Further, under Section 393 the punishment for an attempt to commit robbery is enshrined. According to this section, anyone who attempts to commit robbery shall be punished with rigorous imprisonment for up to seven years and also be liable for a fine.
Because robbery involves force, it is often considered a more serious crime than theft. In most cases, robbery is a felony, and a conviction can result in significant prison time, especially if a weapon was involved. In other countries for example, Georgia’s robbery statute provides that the crime is punishable by up to 20 years in prison. However, an armed robbery conviction in that state can lead to a sentence of up to 20 years in prison, life imprisonment, or even capital punishment.
When Theft is Robbery
Theft is robbery when in order to commit theft or while committing theft, or while carrying away or attempting to carry away property obtained by theft, the offender voluntarily causes or attempts to cause to any person death, subject him/her to wrongful restraint or cause hurt or induce fear of instant death, instant wrongful restraint or causing instant hurt.
Thus, theft becomes robbery when the following conditions are satisfied;
- When the offender voluntarily causes or attempts to cause:
- Death, wrongful restraint or hurt or
- Fear of instant death, instant wrongful restraint or instant hurt.
- And the above act(s) is done
- While committing the theft
- To commit the theft
- While carrying away the property obtained by theft or
- While attempting to carry away property obtained by theft.
Illustrations: A holds Z down and fraudulently takes Z’s money and jewels from Z’s clothes without Z’s consent. Here A has committed theft, and by committing of that theft, has voluntarily caused wrongful restraint to Z. A has therefore committed robbery.
Frequently Asked Questions (FAQs)
1. What does Islam say about theft & robbery?
Allah says (interpretation of the meaning): “And (as for) the male thief and the female thief, cut off (from the wrist joint) their (right) hands as a recompense for that which they committed, a punishment by way of example from Allah. And Allah is All Powerful, All Wise”
The Prophet (peace and blessings of Allah be upon him) said: “The hand should be cut off for (the theft of) a quarter of a dinar or more.” The Prophet (peace and blessings of Allah be upon him) cursed the thief because he is a corrupt element in society, and if he is left unpunished, his corruption will spread and infect the body of the ummah. He (peace and blessings of Allah be upon him) said, “May Allah curse the thief who steals an egg and has his hand cut off, or steals a rope and has his hand cut off.”
What indicates that this ruling is definitive is that fact that a Makhzoomi noblewoman stole at the time of the Prophet (peace and blessings of Allah be upon him), and Usaamah ibn Zayd wanted to intercede for her. The Prophet (peace and blessings of Allah be upon him) became angry and said, “Do you intercede concerning one of the hadd punishments set by Allah? Those who came before you were destroyed because if a rich man among them stole, they would let him off, but if a lowly person stole, they would carry out the punishment on him.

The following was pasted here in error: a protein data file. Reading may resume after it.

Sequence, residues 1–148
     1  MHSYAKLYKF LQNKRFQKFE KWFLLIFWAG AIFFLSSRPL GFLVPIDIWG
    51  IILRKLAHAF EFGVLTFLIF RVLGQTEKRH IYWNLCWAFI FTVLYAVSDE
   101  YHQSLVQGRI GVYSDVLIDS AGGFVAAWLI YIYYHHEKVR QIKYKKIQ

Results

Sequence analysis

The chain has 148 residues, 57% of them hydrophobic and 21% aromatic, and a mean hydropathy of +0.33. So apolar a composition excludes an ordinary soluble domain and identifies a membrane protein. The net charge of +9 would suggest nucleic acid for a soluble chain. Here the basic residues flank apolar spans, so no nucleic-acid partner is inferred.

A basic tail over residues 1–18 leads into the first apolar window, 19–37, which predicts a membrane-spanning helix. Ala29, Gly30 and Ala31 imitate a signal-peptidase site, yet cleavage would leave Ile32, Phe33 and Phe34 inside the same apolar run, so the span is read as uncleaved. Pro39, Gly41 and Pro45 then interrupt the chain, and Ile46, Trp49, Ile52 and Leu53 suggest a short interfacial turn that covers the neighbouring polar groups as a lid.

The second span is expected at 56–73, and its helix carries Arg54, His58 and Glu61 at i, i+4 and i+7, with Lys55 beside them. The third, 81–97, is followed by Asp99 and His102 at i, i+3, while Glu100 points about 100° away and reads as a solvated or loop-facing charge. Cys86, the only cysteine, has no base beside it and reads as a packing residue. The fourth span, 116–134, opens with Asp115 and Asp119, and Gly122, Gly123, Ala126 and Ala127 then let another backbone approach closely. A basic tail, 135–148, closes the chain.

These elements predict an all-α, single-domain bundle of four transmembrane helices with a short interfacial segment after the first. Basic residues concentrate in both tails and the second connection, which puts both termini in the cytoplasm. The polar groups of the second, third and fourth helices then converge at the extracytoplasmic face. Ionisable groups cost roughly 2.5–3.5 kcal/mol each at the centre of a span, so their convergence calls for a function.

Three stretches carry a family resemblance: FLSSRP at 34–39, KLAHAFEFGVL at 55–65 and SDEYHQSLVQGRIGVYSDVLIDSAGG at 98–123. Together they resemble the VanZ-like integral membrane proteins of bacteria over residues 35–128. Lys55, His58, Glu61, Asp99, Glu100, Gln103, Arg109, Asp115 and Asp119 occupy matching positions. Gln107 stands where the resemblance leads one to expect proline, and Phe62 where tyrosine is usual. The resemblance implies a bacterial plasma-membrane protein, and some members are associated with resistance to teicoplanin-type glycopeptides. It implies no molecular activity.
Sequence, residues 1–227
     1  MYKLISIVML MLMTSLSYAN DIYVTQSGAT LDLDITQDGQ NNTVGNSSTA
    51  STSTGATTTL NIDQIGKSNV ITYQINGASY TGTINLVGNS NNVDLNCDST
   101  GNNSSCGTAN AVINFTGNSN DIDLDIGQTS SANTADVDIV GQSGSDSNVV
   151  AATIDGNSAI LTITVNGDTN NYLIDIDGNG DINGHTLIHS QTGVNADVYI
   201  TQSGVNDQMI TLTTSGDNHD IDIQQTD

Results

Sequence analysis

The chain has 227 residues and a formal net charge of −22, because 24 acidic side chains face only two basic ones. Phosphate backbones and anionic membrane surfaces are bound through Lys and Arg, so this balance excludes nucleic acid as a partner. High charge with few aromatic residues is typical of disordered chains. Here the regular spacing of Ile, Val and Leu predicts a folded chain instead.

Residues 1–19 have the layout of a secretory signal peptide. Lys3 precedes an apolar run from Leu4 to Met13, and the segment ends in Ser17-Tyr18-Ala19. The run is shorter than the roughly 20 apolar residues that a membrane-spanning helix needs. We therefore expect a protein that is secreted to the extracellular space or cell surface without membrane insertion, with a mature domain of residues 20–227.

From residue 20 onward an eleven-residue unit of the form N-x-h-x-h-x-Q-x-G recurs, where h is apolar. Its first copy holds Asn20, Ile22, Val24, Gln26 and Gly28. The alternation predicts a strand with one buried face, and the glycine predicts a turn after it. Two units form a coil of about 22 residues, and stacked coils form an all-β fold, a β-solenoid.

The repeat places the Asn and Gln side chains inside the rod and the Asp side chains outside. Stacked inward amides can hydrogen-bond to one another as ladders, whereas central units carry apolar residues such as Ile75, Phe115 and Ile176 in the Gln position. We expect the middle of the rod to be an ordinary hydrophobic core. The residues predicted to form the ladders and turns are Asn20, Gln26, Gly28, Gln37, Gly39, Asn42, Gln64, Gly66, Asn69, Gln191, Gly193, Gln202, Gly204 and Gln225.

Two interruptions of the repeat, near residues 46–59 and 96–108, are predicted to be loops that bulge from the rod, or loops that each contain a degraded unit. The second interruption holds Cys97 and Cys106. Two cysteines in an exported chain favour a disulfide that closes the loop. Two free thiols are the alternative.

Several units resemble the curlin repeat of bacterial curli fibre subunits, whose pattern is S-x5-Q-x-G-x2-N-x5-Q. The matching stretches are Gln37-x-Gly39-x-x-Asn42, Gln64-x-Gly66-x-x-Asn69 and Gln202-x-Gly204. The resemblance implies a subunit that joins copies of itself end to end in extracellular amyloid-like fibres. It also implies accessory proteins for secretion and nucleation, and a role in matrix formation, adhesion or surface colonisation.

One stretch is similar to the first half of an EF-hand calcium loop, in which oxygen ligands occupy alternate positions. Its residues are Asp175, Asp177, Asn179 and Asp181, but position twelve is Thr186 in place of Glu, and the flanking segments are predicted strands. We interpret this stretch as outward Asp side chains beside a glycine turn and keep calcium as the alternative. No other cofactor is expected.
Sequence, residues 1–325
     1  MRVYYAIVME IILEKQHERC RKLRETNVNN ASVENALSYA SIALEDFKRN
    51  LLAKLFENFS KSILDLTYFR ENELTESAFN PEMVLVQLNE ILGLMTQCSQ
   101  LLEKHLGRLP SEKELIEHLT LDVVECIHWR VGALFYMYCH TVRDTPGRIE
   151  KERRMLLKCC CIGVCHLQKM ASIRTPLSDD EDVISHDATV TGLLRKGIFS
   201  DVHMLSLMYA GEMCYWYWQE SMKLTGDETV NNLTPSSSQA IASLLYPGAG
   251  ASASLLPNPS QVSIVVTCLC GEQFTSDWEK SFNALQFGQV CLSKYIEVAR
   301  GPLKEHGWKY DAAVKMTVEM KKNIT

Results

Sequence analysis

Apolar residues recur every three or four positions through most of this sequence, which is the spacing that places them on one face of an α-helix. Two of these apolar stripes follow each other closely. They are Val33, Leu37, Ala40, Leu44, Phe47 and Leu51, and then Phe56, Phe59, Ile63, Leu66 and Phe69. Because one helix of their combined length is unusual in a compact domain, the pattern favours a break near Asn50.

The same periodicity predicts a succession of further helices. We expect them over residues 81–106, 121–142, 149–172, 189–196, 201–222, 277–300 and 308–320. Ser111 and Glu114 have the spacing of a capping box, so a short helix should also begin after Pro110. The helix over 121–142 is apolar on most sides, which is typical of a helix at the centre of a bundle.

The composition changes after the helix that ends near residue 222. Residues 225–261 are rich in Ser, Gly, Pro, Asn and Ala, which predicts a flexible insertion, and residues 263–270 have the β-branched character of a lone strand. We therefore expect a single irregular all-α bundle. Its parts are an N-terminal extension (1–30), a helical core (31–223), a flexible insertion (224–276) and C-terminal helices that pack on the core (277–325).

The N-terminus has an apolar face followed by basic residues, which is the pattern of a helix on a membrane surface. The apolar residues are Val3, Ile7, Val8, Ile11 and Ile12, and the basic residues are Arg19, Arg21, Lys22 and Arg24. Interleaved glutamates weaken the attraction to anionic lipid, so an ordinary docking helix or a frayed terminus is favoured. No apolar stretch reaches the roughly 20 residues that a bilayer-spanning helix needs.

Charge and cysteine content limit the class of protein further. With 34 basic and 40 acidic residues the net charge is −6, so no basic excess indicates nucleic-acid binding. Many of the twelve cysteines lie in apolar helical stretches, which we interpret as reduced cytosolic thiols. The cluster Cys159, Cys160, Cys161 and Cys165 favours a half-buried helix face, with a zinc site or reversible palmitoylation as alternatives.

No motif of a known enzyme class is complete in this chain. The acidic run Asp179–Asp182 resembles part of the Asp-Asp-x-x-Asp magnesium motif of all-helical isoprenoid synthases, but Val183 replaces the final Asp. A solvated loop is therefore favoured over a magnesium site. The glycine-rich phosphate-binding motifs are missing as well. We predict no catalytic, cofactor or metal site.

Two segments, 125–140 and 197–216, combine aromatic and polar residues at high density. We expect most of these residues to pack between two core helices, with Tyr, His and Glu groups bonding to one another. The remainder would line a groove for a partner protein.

Al-Nawawi said in his commentary on Saheeh Muslim: Al-Shaafa’i, Abu Haneefah, Maalik and the majority (of scholars) said: The hand should be cut off from the wrist, where the hand meets the forearm. Al-Qurtubi said: all the scholars said: The hand should be cut off from the wrist, not as some of the innovators do when they cut off the fingers and leave the thumb.
Because cutting off the hand is a serious matter, cutting off the hand of the thief should not be done for just any case of theft. A combination of conditions must be fulfilled before the hand of a thief is cut off. These conditions are as follows:
The thing should have been taken by stealth; if it was not taken by stealth, then (the hand) should not be cut off, such as when property has been seized by force in front of other people, because in this case the owner of the property could have asked for help to stop the thief.
1- The stolen property should be something of worth, because that which is of no worth has no sanctity, such as musical instruments, wine and pigs.
2- The value of the stolen property should be above a certain limit, which is three Islamic dirhams or a quarter of an Islamic dinar, or their equivalent in other currencies.
3- The stolen property should have been taken from a place where it had been put away, i.e., a place where people usually put their property, such as a cupboard, for example.
4- The theft itself has to be proven, either by the testimony of two qualified witnesses or by the confession of the thief twice.